- Ascolta “The Crystal Habit Podcast: Episode 24“
04 Dicembre 2013
Meagan Marie – Community Manager
William Kerslake – Senior designer presso Crystal Dynamics
Alisha Thayer – Associate designer
[ La trascrizione italiana di questo podcast non è attualmente disponibile. Contiamo d’inserirla prossimamente. Scusandoci per l’attesa, postiamo nel frattempo la trascrizione inglese. Qualora vogliate offrire la vostra collaborazione, vi preghiamo di contattarci via mail; il vostro supporto sarà molto apprezzato.]
Segment 1: Intro
MEAGAN MARIE: Hello everyone! Happy November and thank you for tuning into episode 24 of the Crystal Habit Podcast! This episode we’re going to return to our “Breaking into the Game Industry” feature and tackle the semi-nebulous concept of game design. We’ll have two special guests on this episode, one is William Kerslake, a senior designer here at Crystal Dynamics, and the other is Alisha Thayer, an associate designer. So hang in there for just a minute and we’ll get to the interviews!
Segment 2: Game Design
MEAGAN MARIE: Thank you everyone for tuning into episode 24 of the Crystal Habit Podcast. As promised we’re going to speak to a pair of talented game designers today. I have William Kerslake with me, who is a senior designer here. Hello William!
WILLIAM KERSLAKE: Hello!
MEAGAN: And then we have Alisha Thayer, who is an associate designer at Crystal Dynamics.
ALISHA THAYER: Hi!
MEAGAN: So, we’re going to start out by defining this nebulous concept to people who may be younger or in school or trying to figure out where they want to be in the industry. We have a lot of people who send emails saying “I have a great idea for a game,” or “I want to make games,” and it’s a sort of nebulous statement. But it seems for the most part that they are talking about either writing for games or game design. That’s kind of where they envision themselves. So what in your mind and your experience does game design encompass?
ALISHA: Do you want to start?
WILLIAM: Sure. So, there are three major focal points for designers. You have narrative designers who do that writing thing you were talking about and focus on stories and characters and what world you’re going to be in. Then you have your level designers, who are much more structural and break down what sort of space the characters are going to be in, and what they are going to do in that space. And then your final group is your system designers. They are more along the lines of what weapons actually do, and what moves the character will have. Can they jump in this game? Is it automatic? Does health regenerate? What resources do I have to collect? And those are the three major buckets.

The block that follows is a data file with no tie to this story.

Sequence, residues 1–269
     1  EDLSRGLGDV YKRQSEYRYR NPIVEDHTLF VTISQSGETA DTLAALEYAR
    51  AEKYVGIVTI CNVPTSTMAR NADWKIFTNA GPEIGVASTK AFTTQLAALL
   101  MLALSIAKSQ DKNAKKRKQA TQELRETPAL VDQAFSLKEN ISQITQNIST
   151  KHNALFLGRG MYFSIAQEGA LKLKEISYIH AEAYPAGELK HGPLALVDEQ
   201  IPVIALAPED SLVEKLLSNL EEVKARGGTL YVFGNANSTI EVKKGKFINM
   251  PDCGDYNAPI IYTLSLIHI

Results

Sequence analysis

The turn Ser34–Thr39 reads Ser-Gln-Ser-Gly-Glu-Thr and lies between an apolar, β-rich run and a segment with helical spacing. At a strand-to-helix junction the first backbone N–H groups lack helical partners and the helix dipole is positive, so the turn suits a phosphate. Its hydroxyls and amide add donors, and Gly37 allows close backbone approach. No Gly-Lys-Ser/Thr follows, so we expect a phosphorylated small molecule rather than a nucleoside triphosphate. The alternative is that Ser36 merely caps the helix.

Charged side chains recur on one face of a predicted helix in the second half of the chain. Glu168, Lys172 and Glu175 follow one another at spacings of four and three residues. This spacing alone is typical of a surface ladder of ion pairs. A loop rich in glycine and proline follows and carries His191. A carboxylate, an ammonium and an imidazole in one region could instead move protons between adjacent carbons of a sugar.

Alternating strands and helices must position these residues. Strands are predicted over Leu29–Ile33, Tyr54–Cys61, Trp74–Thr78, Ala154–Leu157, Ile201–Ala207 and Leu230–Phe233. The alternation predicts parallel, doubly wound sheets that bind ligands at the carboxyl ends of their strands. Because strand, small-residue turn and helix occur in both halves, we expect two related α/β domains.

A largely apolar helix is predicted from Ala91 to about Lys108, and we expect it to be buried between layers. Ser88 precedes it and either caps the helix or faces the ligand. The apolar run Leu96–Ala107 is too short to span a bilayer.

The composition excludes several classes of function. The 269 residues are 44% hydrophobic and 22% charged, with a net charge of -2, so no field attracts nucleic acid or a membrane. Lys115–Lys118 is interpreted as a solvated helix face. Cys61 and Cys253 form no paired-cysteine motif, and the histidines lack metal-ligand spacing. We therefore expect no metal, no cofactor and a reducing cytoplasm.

ALISHA: I would say so. My experience this far in my career is that the term is very nebulous. My first job was at Rockstar Games down in San Diego, and I was a designer there, but that actually meant I was a scripter. So I was a little mini-programmer, and I actually didn’t do any layout at all. Or work in any 3D software, at all. I had the text editor, and I had the game, and that’s what I did. And my title was “Designer.” My duties here as a designer are significantly different. So it’s a tough word to define, and every company defines it in a different way depending on the needs of the types of games they make and what their culture is.
MEAGAN: Okay, let’s take a step back and we’ll talk about exactly what you do designing here at Crystal in a little bit. What sort of education and training have you received in order to get to this point?
ALISHA: Oh, this is really funny, because we come from completely different backgrounds.
MEAGAN: Well, that’s good. I like to illustrate multiple paths to the same destination.
ALISHA: Well, I decided I wanted to work in games when I was around 12 years old. I was super into adventure games when I was a kid. I remember having this epiphany when I was really young, that these games came from somewhere, and that there were people out there that made them. It was very profound for someone my age. I was like “Oh my god, people make these!” And I’d always wanted to do something sort of artsy. I loved to draw as a kid, and once we got a computer in the house I got really into computers and screwing around in programming. And always, always playing games. So from there I tailored my education around that.